New York, June 22 (IANS) For over a year
five Republicans had been canvassing for the impeachment of former President Donald Trump before the Democrat-led Senate Judiciary Committee for his alleged involvement in the January 6 Capitol Hill riots that virtually threatened the life of his Vice President Mike Pence. Today they face the fear of being unseated from Congress as Trump has raised republican ire against them.
Ever since they broke with the vast majority of their party to support President Donald Trump’s impeachment, a handful of Republican members of Congress are fighting uphill battles to retain their seats, says the Washington Examiner a report.
Voters will soon decide the fates of five of the 10 GOP House members who cast votes in favor of Trump’s second impeachment in 2021. Four of the 10 have said they’ll retire rather than seek reelection in the post-Trump environment. Another Representative Tom Rice (South Carolina) has already faced voters in the primaries and discovered just how costly crossing Trump can be:
He lost against a Trump-backed challenger earlier this month. Rice, like some of the other Republican impeachment backers, remained critical of Trump months after the impeachment battle had concluded.
Each of the five Republicans fighting to remain in Congress this year is facing circumstances unique
to his or her district, says the Examiner. All, however, are united by the headwinds they’ve faced as a result of their impeachment vote. Liz Cheney (Wyoming) Her state’s at-large congresswoman, Cheney is the most likely of the bunch to lose her seat as a result of her persistent attacks on Trump. Cheney won reelection in 2020 with more than 40 percent
of the vote, buoyed by her Congressional leadership position and conservative legislative record. But former Vice President Dick Cheney’s daughter took her criticism of Trump beyond her vote in favor of impeachment while speaking out against the former President until she was stripped of her leadership title and ostracised from the party.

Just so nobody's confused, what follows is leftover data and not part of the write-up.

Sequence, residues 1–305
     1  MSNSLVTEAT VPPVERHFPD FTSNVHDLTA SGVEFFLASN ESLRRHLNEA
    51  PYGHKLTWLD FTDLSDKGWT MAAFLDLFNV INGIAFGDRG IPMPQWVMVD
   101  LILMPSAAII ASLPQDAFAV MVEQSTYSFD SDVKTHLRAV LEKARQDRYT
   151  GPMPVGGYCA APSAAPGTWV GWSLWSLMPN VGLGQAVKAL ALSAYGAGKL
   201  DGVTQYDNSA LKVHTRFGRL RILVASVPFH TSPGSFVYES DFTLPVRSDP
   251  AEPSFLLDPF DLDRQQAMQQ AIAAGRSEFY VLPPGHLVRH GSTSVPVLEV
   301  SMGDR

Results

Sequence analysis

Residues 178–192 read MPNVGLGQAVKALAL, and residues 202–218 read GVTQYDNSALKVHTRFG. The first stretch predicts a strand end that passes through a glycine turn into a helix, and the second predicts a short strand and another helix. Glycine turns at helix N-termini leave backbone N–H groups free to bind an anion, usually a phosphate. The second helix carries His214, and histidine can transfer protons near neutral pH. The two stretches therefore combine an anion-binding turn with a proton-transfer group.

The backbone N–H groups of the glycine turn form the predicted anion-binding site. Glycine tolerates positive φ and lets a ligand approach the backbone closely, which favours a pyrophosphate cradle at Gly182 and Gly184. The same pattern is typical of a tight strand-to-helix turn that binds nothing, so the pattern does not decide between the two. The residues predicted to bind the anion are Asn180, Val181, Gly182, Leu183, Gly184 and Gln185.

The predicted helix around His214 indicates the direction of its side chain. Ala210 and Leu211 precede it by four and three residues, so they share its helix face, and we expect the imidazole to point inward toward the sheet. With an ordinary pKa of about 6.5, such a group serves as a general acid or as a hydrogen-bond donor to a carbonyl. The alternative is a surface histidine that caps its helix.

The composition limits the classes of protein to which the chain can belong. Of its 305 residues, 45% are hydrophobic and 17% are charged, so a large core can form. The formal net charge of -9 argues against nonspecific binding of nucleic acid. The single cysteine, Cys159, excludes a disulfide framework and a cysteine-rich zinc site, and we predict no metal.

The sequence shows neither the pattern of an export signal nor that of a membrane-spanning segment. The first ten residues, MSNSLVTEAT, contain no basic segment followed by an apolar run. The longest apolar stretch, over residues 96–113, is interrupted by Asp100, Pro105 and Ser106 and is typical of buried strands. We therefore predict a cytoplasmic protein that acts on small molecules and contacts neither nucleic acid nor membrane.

Cheney has continued to put herself at odds with her colleagues by participating in the Democratic-led investigation into January 6. Trump has publicly backed Harriet Hageman, who is challenging Cheney in the state’s August 16 Republican primary.
But Hageman’s challenge has become stronger with the additional endorsement she has landed
that of House Minority Leader Kevin McCarthy (Republican, California). Rather unusual for party leaders, who rarely get involved in primary challenges against incumbent colleagues, McCarthy took the step of backing Hageman amid a consensus among Republicans that Cheney’s public comments were becoming too big a distraction. The limited polling available suggests Hageman has a healthy shot at winning.
A poll published earlier this month found Cheney trailing 28 points behind her primary challenger two months before Election Day, says the Examiner. Peter Meijer (Michigan) Meijer has managed to raise significantly more funds for his campaign
than his Trump-endorsed primary challenger – but that may not be enough to save him from the wrath of the 45th President’s fans. Unlike Rice and Cheney, however, Meijer has not made his opposition to Trump’s election-related antics a part of his political identity.